WHEN I WAS 22, I WAS PUTTERING around my parents house, trying to put off getting a job. Jharna Joshi is doing much cooler things at 22 than I was. The 22-year-old college student from Ahmedabad in India was recently visiting a cousin in the Gujarati city of Morbi when she noticed that the kids passing her in busses did not seem to be heading to school.
Joshi followed the busses and found that the kids were being brought to a ceramics factory. Joshi applied for a job at the factory and used her new position to confirm her suspicions: many of the children were under the age of 14, and they were working in atrocious conditions. “Many were even made to work in high temperature areas like furnaces,” she said. “Even in such scorching summer, they were not even given cold water to drink.”
— Being Indian (@Beingind) June 7, 2016
So she reported the factory to the Department of Child Welfare, which led to a raid that freed 111 children from appalling conditions. But it came at a cost: after the raid, she was threatened, and was eventually attacked. Two men who were riding on a motorbike confronted her as she went to give her statement at the police station: “They halted me by crossing my way and asked if I was Jharna the girl who rescued child laborers. Just as I said ‘yes,’ they attacked me.”
Joshi had to be hospitalized, but she is still being a badass about it: she says she knows of other factories that are using child labor as well. “I will continue to fight until the ceramic unit owners are behind bars. They used to make children work in such sub-human conditions.”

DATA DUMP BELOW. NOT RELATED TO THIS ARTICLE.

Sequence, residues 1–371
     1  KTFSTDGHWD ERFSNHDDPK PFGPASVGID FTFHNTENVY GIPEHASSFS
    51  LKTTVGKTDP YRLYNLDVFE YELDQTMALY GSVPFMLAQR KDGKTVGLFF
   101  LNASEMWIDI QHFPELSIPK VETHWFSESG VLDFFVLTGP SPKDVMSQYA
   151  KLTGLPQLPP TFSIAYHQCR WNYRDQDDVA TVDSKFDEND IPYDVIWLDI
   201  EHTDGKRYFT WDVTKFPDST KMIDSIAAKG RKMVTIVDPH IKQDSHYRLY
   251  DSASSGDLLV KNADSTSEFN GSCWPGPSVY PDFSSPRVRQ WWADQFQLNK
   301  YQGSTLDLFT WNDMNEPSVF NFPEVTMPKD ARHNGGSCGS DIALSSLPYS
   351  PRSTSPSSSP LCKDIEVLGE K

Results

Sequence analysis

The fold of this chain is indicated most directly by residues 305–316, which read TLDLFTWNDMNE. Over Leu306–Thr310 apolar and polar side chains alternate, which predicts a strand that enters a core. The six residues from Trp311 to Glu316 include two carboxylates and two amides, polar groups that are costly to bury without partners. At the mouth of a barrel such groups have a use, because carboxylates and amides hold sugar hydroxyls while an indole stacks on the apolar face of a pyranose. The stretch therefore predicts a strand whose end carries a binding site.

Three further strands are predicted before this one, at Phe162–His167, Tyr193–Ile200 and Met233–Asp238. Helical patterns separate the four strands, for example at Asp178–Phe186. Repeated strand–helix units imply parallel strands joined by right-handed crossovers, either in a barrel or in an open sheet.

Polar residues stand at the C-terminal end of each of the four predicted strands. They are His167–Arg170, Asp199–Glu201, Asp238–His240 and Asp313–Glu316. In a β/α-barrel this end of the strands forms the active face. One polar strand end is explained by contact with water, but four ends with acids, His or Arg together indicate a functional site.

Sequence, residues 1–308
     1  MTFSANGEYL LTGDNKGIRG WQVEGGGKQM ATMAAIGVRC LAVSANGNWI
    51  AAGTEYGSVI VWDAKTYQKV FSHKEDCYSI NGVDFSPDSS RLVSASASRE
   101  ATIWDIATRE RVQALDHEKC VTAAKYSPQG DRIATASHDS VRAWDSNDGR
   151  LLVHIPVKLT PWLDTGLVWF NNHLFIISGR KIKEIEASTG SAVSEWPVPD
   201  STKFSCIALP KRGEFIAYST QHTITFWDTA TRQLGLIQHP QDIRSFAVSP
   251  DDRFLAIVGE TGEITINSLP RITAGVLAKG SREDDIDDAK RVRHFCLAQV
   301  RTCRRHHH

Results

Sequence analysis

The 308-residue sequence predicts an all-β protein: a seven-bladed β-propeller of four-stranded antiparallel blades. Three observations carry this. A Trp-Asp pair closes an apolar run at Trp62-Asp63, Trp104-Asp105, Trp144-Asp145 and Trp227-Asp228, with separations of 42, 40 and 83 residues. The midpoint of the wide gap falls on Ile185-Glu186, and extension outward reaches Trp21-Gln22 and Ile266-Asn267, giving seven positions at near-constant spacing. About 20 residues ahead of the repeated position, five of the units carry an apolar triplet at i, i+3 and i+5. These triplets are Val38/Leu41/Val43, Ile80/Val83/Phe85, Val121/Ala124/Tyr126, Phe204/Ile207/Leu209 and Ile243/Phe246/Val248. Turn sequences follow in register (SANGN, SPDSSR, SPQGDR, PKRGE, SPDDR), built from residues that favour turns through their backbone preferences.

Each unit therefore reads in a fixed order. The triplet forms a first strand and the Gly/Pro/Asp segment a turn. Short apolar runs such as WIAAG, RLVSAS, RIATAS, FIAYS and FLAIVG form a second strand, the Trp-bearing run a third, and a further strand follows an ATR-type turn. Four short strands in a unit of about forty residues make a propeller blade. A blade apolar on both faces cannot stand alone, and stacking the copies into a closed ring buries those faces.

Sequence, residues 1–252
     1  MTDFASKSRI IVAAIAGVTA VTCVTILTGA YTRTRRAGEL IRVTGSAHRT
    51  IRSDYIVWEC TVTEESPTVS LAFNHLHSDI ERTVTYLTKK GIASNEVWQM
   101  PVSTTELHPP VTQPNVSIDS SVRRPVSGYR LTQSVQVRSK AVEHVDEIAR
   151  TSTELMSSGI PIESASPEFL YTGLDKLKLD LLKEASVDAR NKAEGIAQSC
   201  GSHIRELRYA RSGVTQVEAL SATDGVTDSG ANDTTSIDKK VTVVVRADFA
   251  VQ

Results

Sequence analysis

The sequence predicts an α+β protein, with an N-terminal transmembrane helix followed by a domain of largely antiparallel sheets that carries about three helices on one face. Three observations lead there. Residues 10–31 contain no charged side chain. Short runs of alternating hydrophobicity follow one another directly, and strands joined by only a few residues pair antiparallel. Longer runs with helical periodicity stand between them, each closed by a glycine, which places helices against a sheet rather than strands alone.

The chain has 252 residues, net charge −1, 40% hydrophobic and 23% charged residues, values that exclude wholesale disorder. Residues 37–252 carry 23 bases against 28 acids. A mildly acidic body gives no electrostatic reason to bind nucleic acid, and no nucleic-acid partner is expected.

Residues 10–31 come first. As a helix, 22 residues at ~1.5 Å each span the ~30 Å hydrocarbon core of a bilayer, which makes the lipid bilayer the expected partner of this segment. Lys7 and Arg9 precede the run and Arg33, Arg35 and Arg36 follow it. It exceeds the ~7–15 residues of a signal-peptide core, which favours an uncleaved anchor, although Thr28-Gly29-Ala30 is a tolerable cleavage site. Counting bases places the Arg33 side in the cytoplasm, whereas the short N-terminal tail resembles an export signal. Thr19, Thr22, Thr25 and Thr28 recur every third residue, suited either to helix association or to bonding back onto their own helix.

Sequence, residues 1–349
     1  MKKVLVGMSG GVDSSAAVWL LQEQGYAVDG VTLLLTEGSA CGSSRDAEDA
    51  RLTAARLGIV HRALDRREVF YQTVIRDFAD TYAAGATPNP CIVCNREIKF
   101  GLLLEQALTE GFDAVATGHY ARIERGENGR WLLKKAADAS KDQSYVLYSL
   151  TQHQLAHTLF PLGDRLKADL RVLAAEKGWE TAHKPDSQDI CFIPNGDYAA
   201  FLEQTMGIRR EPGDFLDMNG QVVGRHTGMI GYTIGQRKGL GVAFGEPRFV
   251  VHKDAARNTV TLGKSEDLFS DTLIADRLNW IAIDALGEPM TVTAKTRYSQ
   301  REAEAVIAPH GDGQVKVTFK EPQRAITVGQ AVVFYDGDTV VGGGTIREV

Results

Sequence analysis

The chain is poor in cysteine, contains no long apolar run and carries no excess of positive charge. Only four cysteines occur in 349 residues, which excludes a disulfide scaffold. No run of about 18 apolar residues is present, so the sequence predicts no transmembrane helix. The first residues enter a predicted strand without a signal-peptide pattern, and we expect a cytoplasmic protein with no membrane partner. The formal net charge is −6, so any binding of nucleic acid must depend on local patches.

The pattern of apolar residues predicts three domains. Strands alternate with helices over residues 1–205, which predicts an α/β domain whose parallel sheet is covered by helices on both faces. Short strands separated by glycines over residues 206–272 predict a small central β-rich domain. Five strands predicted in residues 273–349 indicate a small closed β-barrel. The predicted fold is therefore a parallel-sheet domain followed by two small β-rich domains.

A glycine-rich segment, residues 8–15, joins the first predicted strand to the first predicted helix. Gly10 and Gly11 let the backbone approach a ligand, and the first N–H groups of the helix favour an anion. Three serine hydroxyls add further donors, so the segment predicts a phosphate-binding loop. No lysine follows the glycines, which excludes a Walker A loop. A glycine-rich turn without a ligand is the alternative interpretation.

In India, it’s illegal for children under the age of 14 to work, but the law isn’t necessarily properly applied. The Times of India pointed out the uncomfortable truth about the case: “If a college girl can go undercover to expose child labour, what is stopping the concerned government agencies to show similar courage in cracking down on the units that are brazenly violating the law?”
While child labor is falling off in India (it dropped 64 percent in the decade between 2001 and 2011), it still remains far too prevalent for the 21st century (or the 20th, for that matter). India’s labor minister estimated in 2011 that there were approximately 4.5 million children under the age of 14 who were still child laborers. This is out of around 168 million globally.
People like Joshi are why this type of progress has been made. But it’ll take a lot more people like her to make sure that we get that 168 million down to where it should be: zero.
h/t: Global Citizen
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